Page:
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Paul Chabas (1869 - 1937)
Seaweed (ca. 1909) - Paul Chabas
Paul Emile Chabas was a painter and member of the Académie des beaux-arts living from 1869 to 1937 in France. He was a student of William Bouguereau (1825-1905).
Paul Chabas's September Morn wins the kitsch label because it lacks interesting features: contrast, coordinated lines, and a worthy subject but rather leans toward the melodramatic. Its success rather derived from scandal than from anything else. Ironically the scandal causing this fame was provoked by the person that wanted to prohibit people ever seeing it - if he had done nothing, it's likely nobody would even remember the painting
His preferential subject was a nude young girl in a natural setting. His most famous painting is September Morn, not because it was particularly better or worse than any other of his paintings, but because it was reproduced massively following a scandal, set afire by Anthony Comstock, head of the New York Society for the Suppression of Vice. Ultimately, the painting would be labelled as - and often cited as an example of - Kitsch, which in that case would probably apply to most other works by Chabas too. --http://en.wikipedia.org/wiki/Paul_Emile_Chabas [Sept 2004]
Matinee de Septembre (1912) - Paul Emile Chabas
September Morn (1912) - Paul Emile Chabas
Matinee de Septembre (or September Morn) was painted by the French artist Paul Emile Chabas (1869-1937) over three summers, ending in 1912, and won a medal in a Paris art show that year but did not create any sensation.
Paul Chabas's September Morn wins the kitsch label because it lacks interesting features: contrast, coordinated lines, and a worthy subject but rather leans towards the melodramatic. Its success rather derived from scandal than from anything else. Ironically the scandal causing this fame was provoked by the person that wanted to prohibit people ever seeing it - if he had done nothing, nobody would probably even remember the painting, and even less probable that it would still be on display in a major museumThe next year, when it was in a window of an art gallery in Manhattan, New York (USA), it caught the attention of Anthony Comstock (1844-1915), a self-appointed crusader against "vice" at the time whose campaign to have the "dirty picture" suppressed made it famous. The public relations pioneer Harry Reichenbach claimed to have brought it to Comstock's attention as a contract job for the targeted gallery.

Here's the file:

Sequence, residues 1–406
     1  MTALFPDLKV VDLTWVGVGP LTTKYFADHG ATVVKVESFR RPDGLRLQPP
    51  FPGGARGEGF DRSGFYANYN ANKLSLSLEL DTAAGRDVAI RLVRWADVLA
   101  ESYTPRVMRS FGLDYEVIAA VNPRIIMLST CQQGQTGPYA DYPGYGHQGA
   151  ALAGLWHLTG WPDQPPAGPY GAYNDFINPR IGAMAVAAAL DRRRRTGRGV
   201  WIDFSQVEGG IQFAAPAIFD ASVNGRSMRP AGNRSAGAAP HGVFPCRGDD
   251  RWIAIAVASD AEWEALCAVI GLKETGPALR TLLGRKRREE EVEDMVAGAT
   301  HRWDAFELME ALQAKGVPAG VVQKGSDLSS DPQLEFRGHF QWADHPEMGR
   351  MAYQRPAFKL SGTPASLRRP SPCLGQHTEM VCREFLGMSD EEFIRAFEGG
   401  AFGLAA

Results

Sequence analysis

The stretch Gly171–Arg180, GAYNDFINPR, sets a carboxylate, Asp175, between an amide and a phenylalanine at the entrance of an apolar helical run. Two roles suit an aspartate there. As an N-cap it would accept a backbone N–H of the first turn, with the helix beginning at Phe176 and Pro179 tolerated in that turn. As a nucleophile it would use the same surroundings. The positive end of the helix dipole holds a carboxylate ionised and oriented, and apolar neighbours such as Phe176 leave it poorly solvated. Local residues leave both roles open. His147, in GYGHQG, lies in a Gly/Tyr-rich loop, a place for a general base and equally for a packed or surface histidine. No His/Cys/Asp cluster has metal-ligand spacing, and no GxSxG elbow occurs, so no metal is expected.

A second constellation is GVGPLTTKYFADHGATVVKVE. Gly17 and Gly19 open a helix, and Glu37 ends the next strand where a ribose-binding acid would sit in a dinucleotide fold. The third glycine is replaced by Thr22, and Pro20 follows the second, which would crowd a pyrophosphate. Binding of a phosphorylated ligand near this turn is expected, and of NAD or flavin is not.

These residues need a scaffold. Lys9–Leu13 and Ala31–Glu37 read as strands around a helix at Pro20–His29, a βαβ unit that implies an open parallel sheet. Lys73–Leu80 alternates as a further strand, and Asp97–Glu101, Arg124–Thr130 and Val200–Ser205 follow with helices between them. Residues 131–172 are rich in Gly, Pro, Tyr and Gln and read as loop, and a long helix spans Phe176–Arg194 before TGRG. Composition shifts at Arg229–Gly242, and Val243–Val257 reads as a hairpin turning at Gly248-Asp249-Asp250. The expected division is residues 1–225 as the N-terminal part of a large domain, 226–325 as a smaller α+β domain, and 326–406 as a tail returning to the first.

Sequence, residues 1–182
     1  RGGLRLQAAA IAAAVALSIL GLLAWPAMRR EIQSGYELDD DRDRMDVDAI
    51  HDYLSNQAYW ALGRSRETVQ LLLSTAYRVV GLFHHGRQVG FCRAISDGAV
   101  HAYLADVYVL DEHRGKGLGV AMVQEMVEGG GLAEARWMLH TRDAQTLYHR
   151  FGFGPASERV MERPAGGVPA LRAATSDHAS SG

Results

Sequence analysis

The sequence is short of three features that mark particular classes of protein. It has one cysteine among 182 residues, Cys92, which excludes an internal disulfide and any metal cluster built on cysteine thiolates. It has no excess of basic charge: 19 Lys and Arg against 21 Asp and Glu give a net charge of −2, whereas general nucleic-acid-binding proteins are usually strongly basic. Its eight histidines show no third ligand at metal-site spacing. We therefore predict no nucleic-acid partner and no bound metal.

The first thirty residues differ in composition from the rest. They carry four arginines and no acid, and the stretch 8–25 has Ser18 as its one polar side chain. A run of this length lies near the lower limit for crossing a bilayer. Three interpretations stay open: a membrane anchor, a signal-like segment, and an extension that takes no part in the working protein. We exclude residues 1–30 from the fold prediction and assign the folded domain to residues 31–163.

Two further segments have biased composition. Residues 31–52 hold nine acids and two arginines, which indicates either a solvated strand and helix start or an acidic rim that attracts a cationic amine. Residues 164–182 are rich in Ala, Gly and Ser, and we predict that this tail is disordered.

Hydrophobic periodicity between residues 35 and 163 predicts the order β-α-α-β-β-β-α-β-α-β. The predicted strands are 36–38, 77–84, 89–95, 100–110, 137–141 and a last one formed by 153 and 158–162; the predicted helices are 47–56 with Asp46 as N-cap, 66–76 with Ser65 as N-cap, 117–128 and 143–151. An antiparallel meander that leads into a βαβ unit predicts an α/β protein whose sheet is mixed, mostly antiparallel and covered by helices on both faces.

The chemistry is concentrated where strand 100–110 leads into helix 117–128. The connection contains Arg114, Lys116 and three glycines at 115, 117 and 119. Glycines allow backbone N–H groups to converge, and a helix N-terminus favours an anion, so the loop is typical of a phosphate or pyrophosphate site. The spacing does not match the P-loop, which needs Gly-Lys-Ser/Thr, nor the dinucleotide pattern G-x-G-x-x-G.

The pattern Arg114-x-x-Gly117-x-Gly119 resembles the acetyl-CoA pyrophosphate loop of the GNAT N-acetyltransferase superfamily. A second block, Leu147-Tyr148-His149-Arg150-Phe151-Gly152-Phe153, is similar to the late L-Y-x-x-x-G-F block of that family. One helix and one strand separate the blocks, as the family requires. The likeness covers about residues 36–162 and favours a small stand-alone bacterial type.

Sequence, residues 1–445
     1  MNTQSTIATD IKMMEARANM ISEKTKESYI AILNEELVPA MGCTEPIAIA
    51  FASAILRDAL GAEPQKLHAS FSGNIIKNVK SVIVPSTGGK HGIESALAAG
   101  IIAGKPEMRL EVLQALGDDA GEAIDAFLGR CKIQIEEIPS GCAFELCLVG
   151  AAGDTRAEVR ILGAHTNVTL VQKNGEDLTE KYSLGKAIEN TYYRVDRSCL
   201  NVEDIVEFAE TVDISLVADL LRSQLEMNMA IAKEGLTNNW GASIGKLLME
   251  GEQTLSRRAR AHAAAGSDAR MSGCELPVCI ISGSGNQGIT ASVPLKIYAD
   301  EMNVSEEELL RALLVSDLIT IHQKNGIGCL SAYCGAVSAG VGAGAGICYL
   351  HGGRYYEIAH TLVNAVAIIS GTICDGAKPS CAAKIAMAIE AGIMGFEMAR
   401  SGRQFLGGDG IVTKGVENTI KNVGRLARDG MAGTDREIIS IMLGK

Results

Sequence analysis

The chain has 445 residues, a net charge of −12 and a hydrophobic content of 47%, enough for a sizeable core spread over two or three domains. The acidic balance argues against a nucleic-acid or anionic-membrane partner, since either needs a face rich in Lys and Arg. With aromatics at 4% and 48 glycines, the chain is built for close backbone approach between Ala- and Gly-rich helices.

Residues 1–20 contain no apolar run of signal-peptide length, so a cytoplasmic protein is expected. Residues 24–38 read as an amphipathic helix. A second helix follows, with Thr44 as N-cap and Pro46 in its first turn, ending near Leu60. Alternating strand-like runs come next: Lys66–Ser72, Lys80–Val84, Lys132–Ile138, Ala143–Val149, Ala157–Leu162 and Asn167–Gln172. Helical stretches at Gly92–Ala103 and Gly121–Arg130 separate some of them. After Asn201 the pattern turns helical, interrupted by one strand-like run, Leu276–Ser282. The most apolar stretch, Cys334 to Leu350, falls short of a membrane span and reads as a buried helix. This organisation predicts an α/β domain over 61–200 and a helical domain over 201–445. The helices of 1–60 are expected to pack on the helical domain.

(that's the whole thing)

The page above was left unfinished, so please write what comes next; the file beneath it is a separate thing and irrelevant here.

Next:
Lithograph copies of the artwork were popularly sold for over a decade, extending the succes that followed the scandal.
Ultimately, the painting would be labelled as - and is often cited as an example of - Kitsch. Copies of the image are still sold on postcards, etc...
Still today - for whatever reason - September Morn probably belongs more to the collective unconscious than any other of the images Paul Chabas created.
The original painting is on display in the Metropolitan Museum of Art in New York City. --http://en.wikipedia.org/wiki/September_Morn [Sept 2004]
Picturing Paedophilia: The Salon Nymphettes and Child Pornography of ‘la Belle Époque’
In nearly every Salon of the Artistes Français and Nationale des Beaux-Arts from the turn of the century until the outbreak of the First World War, Francis Aubertin and Paul Chabas exhibited paintings of naked pubescent girls. Although pictured in such seemingly innocuous roles as frolicking in water or gathering seaweed, unlike the Salon paintings of Virginie Demont-Breton, Aubertin’s and Chabas’ girls are represented invariably unescorted and unprotected. Consisted with the sexually awakened children of Bouguereau and Gérome, these nymphettes are posed as knowing and as perky and pouting as Nabokov’s Lolita, in the titillating postures explored and exploited by child pornographers for the paedophiliac’s delectation. Far from being censured, in 1912 Chabas won the Section de Peinture Médaille d’Honneur for Matinée de Septembre, while Aubertin’s Chants sur l’eau was acquired by the Ville de Paris for the Petit Palais.
In light of the relationship established between child pornography and paedophilic projection by recent research, this paper will question whether such artworks can continue to be exhibited as innocent of paedophilic dimensions or whether they may need to be historically and theoretically recontextualised as awkward, anomalous and aberrant.--Fae Brauer, University of New South Wales --http://www.aah.org.uk/confs/2001aah/2001s16.html [Sept 2004]
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